A demanding climb. The Gavia Pass is not straightforward but, like so many difficult things, it rewards your efforts. It is a road with stunning views at every turn and a wealth of sporting heritage and stories. Such as the story of Captain Berni.
The origins of the road over the Gavia go back a very long way: since mediaeval times, convoys of merchants from the Venetian Republic would cross the pass to link up with the Via Imperiale d’Alemagna, a route leading to the countries of northern Europe. Many died attempting the journey, due to the often adverse weather conditions, as well as landslides and avalanches, so much so that the pass was also known as the Pass of Skulls. One particularly tragic example of this name came in 1954 when 18 young members of the Alpine Regiment died when part of the road collapsed.
Over the centuries, the road has been repeatedly widened and rebuilt and today, although some sections are still narrow and exposed, it is fully asphalted and has its own unique charm.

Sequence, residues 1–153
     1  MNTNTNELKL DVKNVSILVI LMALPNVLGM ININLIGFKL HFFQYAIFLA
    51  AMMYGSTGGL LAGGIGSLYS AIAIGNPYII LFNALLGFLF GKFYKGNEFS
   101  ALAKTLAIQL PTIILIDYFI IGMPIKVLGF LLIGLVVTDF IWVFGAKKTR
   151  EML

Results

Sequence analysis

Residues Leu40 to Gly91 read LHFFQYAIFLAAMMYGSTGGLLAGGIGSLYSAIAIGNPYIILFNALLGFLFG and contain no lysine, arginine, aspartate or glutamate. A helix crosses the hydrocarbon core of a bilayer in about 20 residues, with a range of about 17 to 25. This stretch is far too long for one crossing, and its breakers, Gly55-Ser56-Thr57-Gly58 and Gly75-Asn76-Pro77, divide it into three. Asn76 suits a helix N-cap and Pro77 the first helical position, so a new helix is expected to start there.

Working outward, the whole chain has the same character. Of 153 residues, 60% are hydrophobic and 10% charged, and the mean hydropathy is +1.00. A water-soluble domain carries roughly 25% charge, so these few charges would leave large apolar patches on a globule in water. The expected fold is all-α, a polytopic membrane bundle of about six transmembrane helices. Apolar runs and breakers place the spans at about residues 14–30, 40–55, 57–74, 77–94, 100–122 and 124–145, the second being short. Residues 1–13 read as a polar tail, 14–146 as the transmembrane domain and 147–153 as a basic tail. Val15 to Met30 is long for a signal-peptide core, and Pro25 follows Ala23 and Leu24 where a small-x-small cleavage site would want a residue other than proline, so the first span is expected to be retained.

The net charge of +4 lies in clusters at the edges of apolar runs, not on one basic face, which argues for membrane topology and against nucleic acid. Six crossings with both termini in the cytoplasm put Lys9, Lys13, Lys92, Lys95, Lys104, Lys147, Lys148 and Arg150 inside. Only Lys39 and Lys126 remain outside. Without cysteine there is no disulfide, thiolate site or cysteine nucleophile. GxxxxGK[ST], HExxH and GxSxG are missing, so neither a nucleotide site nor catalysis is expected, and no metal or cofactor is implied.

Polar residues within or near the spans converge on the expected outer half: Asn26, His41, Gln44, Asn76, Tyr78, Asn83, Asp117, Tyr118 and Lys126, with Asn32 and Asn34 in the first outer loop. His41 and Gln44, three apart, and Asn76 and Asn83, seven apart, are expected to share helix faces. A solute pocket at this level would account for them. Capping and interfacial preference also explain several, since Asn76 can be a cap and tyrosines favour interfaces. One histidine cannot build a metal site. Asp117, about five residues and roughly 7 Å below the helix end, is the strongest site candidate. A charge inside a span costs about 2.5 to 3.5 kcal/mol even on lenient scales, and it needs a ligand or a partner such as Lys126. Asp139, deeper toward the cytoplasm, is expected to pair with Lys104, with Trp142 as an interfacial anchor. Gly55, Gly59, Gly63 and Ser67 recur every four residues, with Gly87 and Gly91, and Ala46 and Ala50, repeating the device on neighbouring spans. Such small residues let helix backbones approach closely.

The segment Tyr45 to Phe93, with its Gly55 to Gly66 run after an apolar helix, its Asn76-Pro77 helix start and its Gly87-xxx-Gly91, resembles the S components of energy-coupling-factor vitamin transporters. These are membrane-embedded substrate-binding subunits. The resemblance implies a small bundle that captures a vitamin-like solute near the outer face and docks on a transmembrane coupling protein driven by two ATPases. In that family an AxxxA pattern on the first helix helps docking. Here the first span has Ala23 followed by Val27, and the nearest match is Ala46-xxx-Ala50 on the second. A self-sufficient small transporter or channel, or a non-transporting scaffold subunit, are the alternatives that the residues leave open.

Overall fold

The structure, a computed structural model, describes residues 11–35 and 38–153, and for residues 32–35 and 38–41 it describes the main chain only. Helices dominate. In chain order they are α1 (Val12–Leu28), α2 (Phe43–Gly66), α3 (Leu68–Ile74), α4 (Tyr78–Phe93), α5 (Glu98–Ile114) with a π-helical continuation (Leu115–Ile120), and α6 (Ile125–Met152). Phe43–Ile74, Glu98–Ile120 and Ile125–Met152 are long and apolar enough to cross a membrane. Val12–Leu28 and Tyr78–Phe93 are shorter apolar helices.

But the true spirit of the Gavia is Captain Arnaldo Berni, a young soldier whose final resting place is on these mountains. During World War I, the Gavia (along with the Stelvio pass and the Forni glacier) were on the frontline between Austria and Italy and the scene of numerous battles. Of these, one that stands out is the Battle of San Matteo, fought at a height of more than 3500 m. The young captain led the capture of the summit of Punta San Matteo in August 1918. Along with his troops, he dug in to defend the peak but, on 3 September, he was killed during an Austrian counter-offensive and his body was never found. However, his friends and relatives have never given up and every spring new expeditions are organised to search for his remains.